UK inflation eases, remains close to 40-year high

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Published: Wed 14 Dec 2022, 4:12 PM

Last updated: Wed 14 Dec 2022, 5:31 PM

UK inflation remained close to a 40-year high in November, piling pressure on employers to boost wages as the nation faces a wave of strikes and economists expect the Bank of England to approve a ninth consecutive interest rate increase on Thursday.


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While annual consumer price inflation dipped to 10.7 per cent in November from 11.1 per cent the previous month, inflation remains at levels last seen in the 1970s and early 1980s, the Office for National Statistics said Wednesday.

The figures offer little relief for consumers as the high cost of food and energy erodes spending power. Food price inflation accelerated for a 16th straight month in November, with prices rising 16.5 per cent from a year earlier, the ONS said.

The inflation report came on a day when people across Britain struggled to get to work and mail wasn’t delivered due to strikes by rail and postal workers demanding higher pay. Nurses in England, Wales and Northern Ireland are set to hold the first of two one-day strikes on Thursday, with ambulance crews and border officials scheduled to strike later this month.

Inflation remains stubbornly high across Europe, which has been hard hit by a jump in the price of natural gas — used to generate electricity, heat homes and fuel industry — following Russia’s invasion of Ukraine. That contrasts with the US, where the inflation rate dropped to 7.1 per cent in November from a peak of 9.1 per cent in June.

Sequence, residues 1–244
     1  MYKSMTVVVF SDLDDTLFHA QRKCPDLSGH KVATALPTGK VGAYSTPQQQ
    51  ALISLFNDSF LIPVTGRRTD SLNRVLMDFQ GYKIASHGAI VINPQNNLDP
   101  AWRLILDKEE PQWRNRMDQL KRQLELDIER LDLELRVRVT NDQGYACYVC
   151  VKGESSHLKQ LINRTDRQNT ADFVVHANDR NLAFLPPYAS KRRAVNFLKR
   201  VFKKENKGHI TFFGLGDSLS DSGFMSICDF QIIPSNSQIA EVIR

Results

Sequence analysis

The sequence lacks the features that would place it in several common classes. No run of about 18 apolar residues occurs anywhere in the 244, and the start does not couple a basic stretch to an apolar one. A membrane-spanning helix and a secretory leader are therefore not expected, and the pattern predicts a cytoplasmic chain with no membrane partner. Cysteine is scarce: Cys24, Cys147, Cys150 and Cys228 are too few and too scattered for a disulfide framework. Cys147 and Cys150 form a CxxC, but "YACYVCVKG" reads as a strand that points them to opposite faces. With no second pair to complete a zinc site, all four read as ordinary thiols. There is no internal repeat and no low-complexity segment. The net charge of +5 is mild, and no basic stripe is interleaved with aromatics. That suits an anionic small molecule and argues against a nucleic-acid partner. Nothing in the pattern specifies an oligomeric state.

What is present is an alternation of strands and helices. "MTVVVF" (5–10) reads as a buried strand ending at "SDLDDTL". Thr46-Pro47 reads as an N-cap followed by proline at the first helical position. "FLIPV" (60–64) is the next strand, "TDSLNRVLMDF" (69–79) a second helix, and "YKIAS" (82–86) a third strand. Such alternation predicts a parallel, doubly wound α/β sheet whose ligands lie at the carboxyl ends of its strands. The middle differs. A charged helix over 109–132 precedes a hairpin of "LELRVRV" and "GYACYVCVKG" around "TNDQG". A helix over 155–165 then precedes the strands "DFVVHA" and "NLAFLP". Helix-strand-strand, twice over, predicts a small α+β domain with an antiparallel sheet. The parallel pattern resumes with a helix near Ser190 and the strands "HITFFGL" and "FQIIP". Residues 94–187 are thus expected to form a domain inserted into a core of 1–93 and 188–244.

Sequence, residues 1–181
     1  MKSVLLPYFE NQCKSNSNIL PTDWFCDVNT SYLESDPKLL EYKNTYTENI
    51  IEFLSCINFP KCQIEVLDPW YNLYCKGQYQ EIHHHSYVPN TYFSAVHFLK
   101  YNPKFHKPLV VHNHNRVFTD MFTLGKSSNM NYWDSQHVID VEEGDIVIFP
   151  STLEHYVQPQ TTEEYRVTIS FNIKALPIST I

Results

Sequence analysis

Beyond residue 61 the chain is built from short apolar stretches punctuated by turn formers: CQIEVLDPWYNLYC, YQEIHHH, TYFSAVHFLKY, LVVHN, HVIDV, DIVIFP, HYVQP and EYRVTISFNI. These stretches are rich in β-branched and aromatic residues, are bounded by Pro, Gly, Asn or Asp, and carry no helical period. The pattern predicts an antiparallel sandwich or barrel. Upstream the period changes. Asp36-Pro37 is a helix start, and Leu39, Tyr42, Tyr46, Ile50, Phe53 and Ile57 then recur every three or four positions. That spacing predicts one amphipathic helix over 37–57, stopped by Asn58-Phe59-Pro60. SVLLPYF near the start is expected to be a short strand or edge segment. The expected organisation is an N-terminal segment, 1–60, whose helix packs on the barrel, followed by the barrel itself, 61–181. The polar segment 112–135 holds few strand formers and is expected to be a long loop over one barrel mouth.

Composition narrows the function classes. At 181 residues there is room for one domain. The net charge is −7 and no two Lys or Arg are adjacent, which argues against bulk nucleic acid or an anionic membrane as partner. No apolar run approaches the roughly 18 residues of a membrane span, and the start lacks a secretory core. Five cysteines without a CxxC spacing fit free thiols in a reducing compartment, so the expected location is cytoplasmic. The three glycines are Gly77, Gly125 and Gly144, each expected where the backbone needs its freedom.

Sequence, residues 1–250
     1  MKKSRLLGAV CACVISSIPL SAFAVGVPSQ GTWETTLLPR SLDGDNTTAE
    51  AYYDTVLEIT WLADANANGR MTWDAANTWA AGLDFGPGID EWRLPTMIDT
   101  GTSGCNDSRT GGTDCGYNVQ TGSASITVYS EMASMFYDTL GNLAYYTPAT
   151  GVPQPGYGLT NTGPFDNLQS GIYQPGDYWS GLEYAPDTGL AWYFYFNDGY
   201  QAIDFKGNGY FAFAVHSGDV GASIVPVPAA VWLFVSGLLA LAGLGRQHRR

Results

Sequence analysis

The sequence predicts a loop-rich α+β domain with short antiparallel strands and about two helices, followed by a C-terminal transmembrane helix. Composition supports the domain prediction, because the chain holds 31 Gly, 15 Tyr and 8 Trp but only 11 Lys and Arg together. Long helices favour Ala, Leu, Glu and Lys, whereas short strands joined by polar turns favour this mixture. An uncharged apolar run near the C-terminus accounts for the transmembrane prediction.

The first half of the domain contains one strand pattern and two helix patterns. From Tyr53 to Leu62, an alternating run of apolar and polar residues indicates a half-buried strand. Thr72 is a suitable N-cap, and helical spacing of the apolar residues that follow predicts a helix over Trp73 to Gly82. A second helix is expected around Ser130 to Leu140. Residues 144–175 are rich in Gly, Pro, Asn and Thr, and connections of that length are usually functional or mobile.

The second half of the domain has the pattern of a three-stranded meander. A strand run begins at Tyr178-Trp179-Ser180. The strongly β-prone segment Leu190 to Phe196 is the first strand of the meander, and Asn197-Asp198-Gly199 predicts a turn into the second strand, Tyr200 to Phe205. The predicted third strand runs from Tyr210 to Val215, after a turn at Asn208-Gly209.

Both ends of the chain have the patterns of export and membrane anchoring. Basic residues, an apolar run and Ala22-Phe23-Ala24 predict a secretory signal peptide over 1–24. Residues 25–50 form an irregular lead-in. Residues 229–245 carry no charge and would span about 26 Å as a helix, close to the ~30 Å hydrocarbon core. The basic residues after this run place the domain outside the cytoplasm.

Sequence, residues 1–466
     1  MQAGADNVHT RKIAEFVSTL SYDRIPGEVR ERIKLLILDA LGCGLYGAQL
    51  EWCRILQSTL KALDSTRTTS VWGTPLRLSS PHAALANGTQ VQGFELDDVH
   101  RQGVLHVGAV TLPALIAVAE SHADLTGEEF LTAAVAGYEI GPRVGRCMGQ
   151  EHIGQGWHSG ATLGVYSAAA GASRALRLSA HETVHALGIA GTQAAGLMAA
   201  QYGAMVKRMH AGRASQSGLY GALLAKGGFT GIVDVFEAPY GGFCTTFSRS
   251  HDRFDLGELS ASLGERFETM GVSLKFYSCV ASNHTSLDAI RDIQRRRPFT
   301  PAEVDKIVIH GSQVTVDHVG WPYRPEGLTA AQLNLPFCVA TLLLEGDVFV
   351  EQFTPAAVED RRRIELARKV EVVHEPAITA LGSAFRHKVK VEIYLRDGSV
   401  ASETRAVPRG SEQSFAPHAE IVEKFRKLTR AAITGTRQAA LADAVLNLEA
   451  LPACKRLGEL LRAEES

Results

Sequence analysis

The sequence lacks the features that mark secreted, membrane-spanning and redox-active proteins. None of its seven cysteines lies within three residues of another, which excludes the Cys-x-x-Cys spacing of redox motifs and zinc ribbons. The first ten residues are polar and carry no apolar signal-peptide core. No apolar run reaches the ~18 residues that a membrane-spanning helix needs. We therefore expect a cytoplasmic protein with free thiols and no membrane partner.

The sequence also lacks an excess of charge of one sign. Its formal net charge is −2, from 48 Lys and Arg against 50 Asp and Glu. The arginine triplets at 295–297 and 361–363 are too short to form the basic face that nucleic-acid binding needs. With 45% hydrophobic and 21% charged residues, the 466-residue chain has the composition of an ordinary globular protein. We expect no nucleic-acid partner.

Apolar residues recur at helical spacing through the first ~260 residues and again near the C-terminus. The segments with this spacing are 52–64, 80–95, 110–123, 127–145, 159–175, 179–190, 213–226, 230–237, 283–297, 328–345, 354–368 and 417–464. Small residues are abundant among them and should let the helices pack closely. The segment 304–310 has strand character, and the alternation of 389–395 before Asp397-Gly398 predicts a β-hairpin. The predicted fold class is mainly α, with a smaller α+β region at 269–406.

British officials said it was too soon to say whether inflation had peaked in the UK. “Some may be calling this a peak; it is, I think, too early,” Grant Fitzner, chief economist for the ONS told the BBC. “We’ve only seen one fall from a 40-year high, so let’s wait a few months.”

The figures will be watched closely by Bank of England policymakers, who are meeting ahead of an interest rate decision on Thursday.

Economists expect the bank to raise its key rate by half a percentage point to 3.5 per cent this week. That would be the ninth consecutive rate increase since December of last year, when the rate stood at 0.1 per cent.

The central bank last month forecast that inflation would peak at around 11 per cent this year before beginning to slow early next year. The bank expects inflation to drop below its 2 per cent target within two years.

But the bank also cautioned that those projections were uncertain, primarily due to volatility in energy prices.

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